The next interaction with the process is actually coming to the courthouse (if it did not already happen for the filing of papers). As all who have been to court can attest, the first contact for court patrons is typically the Sheriff(s) providing security, and it is generally a very intimidating experience for someone who already is usually nervous about the reason they are there in the first place. For a typical person expecting to see modern signage and guidance for where they need to go or where they might be able to get help navigating the process, chances are they won’t find it.
Going into the courtroom and understanding what to do next often can be a daunting experience for people without lawyers as well. Again, useful signs and guidance are usually hard to find. A clerk barking out instructions that incorrectly assume people know what is happening is the more likely scenario.
And while there can be multiple court appearances and many other steps required, one other stage worth noting is what happens after a judge makes a ruling. Most lawyers know what an order is and that they need to prepare it. For someone not familiar with the process or how to draft an order, this again is usually very intimidating. And people may or may not know what they need to do next in their case when they leave the courtroom.
This is more than an academic exercise
It does not take a lot of imagination to reach the conclusion that someone going through the court process may not feel great about it at any stage. And that has consequences for access to justice that go far beyond hurt feelings.
The National Center on State Courts is among many who have documented through research that the public’s view of the justice system is driven more by how they are treated than whether they win or lose their case.
As the Center for Court Innovation notes, the perception of procedural justice can be even more important than the outcome: Research has shown that when court users perceive the justice system to be fair, they are more likely to comply with court orders and follow the law in the future regardless of the outcome of their case.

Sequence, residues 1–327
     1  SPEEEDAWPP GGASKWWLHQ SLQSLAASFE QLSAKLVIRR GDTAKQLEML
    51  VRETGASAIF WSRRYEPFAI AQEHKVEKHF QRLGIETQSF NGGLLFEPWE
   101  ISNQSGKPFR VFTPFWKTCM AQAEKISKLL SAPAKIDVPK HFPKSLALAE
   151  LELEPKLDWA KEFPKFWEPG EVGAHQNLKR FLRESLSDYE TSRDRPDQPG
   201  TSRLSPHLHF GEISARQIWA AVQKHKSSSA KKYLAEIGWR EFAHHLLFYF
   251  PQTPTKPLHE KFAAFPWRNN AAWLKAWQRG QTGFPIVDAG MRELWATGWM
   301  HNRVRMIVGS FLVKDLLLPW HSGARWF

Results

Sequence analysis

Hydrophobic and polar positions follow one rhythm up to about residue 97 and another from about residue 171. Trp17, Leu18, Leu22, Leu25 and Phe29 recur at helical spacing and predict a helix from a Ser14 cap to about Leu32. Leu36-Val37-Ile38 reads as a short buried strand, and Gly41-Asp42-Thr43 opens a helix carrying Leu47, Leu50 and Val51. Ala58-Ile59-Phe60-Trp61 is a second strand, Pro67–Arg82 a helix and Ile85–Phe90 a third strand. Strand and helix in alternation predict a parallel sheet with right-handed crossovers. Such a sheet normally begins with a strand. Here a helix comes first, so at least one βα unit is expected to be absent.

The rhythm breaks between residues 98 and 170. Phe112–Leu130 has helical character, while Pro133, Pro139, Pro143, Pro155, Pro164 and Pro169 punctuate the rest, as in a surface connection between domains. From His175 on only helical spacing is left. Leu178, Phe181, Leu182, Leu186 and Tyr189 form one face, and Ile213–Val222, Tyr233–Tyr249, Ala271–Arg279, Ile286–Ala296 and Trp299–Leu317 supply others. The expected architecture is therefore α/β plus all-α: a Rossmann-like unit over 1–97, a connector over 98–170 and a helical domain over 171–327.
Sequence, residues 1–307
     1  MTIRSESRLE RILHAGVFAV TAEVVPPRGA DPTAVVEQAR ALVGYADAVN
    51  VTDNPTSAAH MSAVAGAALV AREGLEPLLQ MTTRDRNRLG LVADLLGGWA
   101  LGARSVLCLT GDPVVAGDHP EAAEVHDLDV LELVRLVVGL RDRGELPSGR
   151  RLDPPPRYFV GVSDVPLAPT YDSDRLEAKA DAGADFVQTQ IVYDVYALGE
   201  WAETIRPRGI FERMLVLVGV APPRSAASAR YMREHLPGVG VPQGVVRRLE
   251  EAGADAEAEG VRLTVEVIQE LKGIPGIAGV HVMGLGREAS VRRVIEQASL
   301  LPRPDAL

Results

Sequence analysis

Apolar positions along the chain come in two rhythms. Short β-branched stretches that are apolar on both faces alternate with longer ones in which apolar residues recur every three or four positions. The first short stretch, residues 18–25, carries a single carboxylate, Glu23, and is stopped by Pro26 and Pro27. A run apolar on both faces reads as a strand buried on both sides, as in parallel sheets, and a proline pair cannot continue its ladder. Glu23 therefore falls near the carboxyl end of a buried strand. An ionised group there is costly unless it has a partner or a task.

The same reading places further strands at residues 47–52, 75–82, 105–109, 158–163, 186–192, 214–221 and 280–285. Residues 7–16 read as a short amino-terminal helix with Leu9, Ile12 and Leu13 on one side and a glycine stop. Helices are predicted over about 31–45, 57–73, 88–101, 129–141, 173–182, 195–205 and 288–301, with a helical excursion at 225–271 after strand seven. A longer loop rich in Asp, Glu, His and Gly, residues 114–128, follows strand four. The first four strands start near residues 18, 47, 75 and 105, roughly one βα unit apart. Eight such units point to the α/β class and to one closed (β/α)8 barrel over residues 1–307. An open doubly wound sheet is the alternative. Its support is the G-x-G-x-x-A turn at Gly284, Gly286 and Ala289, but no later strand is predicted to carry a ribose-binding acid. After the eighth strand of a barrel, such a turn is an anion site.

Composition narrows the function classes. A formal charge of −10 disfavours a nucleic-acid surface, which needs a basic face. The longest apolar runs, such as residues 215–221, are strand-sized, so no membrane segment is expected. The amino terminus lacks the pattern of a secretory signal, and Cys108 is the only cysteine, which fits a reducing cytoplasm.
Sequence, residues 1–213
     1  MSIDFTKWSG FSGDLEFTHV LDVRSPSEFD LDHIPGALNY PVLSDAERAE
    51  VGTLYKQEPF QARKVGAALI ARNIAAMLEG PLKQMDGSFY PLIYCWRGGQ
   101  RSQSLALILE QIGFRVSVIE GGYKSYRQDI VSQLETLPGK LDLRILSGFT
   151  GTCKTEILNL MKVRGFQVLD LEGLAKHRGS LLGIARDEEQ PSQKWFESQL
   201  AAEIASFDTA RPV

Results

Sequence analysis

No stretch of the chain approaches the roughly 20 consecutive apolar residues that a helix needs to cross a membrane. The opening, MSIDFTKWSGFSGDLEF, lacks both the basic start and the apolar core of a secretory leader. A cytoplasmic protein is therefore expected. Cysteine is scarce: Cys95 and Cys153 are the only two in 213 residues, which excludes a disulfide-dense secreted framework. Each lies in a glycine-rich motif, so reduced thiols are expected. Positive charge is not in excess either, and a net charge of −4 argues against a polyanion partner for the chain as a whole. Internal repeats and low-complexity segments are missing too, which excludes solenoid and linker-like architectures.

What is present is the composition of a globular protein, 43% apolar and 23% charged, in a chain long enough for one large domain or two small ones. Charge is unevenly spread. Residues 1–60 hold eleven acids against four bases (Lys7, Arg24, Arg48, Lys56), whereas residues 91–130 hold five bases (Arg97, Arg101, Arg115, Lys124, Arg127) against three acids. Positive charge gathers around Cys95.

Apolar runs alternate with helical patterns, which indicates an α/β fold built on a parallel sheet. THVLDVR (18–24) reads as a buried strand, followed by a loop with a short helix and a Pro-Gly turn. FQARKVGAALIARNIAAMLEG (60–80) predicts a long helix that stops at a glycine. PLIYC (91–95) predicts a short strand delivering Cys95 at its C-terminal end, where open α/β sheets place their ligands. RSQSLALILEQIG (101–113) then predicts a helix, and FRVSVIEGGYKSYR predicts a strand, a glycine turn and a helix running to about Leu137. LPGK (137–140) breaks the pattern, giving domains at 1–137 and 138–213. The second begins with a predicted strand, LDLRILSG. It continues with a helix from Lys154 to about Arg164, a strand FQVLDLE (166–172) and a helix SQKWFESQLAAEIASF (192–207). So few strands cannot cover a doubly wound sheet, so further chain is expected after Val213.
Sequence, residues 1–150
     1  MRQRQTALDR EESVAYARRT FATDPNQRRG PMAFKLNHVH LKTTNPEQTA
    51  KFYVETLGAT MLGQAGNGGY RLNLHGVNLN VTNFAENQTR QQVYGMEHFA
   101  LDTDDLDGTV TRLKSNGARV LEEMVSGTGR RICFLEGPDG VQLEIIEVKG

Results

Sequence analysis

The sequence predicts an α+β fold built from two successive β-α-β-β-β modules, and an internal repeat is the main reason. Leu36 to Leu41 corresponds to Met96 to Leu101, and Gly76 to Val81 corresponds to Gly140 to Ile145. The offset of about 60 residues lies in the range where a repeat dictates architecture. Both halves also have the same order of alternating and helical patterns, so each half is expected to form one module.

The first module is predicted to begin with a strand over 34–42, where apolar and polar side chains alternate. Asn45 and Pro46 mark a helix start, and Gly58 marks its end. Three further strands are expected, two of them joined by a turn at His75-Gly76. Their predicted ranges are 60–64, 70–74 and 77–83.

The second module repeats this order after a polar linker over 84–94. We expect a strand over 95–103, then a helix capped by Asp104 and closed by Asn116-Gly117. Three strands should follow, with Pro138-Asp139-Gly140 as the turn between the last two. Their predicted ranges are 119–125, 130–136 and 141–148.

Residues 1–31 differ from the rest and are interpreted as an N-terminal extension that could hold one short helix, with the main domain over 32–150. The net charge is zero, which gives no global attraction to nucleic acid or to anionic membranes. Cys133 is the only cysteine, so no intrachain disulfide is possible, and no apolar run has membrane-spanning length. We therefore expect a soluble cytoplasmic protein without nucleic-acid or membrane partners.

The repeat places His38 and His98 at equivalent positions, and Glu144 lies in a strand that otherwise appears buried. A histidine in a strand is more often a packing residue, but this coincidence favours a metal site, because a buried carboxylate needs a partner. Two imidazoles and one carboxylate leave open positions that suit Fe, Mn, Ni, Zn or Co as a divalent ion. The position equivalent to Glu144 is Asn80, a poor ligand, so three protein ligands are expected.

A better way
There are a number of concrete steps the courts can take with the help of the broader legal community to make the court process a much better experience for people without lawyers. While there has been some good progress since then, a 2012 Study of the Daley Center by graduate students at IIT Institute of Design on improving the experience for people without lawyers still resonates today. There are many lessons from the Mayo Clinic and other disciplines we can borrow as well.
The courts in Illinois are showing leadership to recognize and address this fundamental problem, highlighted by the work of the Illinois Supreme Court Commission on Access to Justice, the Civil Justice Division of Administrative Office of the Illinois Courts, and the CBF/Circuit Court Pro Se Advisory Committee. In fact, the new Commission Strategic Plan adopted earlier this year appropriately makes the goal of improving the experience of people without lawyers the central priority.
So there is some positive momentum in Illinois for sure, but a long way to go. The transformation necessary to get the proverbial ball over the goal line will require a full commitment of all stakeholders in the system, and will remain one of the core priorities for the CBF.
Because people really do remember how you made them feel, and in the context of the court system, that is critical for all of us to remember in the quest to improve access to justice.